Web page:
Designed by Peter Gluck and Partners, the East Harlem School in New York City incorporates community while also providing a respite and calm. “There is a solitary component to it, a cluster component,” Mellins explains. “It’s much more shielded from the street. A lot of kids have chaotic environments, not just from cities, but in all sorts of ways. There is a sense of sanctuary.”

The schools in 

Edgeless provide examples of new ways of thinking about the intersection of education and space, and how our ideas about learning are changing. “It’s no longer about school being in your childhood,” Mellins says. “The goal of education is to create lifelong learners. What you’re learning in school is how to learn.” Photo by ©Erik Freeland.  Photo 16 of 16 in Edgeless School: Design for Learning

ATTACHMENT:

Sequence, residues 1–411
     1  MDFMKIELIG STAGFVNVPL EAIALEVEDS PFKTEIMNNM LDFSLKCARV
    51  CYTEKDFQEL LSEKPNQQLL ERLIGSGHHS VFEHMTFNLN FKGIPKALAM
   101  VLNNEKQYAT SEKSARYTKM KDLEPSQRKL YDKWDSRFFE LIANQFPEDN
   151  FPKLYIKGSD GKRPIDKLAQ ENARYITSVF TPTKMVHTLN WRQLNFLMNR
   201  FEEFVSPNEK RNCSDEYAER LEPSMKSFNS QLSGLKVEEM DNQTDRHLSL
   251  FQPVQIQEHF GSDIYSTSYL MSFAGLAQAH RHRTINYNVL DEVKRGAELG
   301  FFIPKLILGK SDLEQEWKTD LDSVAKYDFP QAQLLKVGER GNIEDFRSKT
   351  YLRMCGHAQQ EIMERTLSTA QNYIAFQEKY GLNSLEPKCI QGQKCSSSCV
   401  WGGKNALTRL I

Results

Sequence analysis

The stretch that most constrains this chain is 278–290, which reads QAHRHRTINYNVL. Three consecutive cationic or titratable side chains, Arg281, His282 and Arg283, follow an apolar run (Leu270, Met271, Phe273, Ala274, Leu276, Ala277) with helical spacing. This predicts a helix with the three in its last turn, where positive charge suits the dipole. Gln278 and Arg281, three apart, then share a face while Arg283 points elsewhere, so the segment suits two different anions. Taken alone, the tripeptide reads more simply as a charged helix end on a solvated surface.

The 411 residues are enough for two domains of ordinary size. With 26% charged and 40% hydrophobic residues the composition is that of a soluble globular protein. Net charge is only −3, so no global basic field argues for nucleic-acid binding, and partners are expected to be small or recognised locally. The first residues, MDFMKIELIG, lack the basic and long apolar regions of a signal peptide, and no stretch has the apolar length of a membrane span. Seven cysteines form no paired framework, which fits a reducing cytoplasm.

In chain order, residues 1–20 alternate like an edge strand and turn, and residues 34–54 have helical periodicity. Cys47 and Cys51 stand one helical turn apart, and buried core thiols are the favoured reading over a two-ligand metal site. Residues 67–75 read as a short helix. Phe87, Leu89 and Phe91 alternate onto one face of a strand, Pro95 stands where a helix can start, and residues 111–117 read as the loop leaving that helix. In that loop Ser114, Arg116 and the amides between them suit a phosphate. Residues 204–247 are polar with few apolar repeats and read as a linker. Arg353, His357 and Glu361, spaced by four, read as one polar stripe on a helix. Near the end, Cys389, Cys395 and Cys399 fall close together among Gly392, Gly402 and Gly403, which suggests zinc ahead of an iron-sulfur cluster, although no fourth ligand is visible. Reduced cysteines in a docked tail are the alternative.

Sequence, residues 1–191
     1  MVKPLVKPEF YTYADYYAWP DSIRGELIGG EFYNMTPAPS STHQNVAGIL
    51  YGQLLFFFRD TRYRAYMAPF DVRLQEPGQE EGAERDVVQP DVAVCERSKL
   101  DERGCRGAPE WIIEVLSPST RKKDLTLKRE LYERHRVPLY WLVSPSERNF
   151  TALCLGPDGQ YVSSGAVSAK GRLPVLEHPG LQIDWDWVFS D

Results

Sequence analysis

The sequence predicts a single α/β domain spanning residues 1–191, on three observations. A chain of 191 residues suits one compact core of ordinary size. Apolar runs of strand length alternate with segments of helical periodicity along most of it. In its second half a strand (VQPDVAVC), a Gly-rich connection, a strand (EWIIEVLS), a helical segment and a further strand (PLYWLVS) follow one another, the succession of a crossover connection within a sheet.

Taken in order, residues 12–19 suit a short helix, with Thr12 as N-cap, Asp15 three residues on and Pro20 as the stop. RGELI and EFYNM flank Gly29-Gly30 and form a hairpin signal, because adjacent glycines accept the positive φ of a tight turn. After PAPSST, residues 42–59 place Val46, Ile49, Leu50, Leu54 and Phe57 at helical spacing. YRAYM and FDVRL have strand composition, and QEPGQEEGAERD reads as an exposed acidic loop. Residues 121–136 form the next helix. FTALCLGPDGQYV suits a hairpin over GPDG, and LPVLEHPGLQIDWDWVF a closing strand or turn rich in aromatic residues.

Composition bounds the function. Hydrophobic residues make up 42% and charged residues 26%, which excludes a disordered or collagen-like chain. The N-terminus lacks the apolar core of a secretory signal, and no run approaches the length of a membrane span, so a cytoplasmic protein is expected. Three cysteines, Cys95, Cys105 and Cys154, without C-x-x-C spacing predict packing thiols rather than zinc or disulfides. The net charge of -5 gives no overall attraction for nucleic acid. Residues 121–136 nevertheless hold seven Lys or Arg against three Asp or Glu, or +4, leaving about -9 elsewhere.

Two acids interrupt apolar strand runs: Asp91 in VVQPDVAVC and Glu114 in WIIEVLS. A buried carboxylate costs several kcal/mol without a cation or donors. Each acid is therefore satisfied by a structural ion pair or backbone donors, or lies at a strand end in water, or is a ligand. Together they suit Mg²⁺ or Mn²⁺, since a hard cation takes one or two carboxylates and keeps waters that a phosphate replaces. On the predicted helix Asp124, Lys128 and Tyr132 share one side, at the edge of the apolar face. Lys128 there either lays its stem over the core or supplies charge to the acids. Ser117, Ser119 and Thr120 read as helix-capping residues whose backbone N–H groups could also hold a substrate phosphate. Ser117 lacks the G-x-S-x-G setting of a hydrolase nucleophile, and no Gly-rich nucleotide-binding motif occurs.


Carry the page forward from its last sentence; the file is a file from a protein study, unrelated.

Edgeless School: Design for Learning16/16

Designed by Peter Gluck and Partners, the East Harlem School in New York City incorporates community while also providing a respite and calm. “There is a solitary component to it, a cluster component,” Mellins explains. “It’s much more shielded from the street. A lot of kids have chaotic environments, not just from cities, but in all sorts of ways. There is a sense of sanctuary.”

The schools in

Edgeless provide examples of new ways of thinking about the intersection of education and space, and how our ideas about learning are changing. “It’s no longer about school being in your childhood,” Mellins says. “The goal of education is to create lifelong learners. What you’re learning in school is how to learn.” Photo by ©Erik Freeland.

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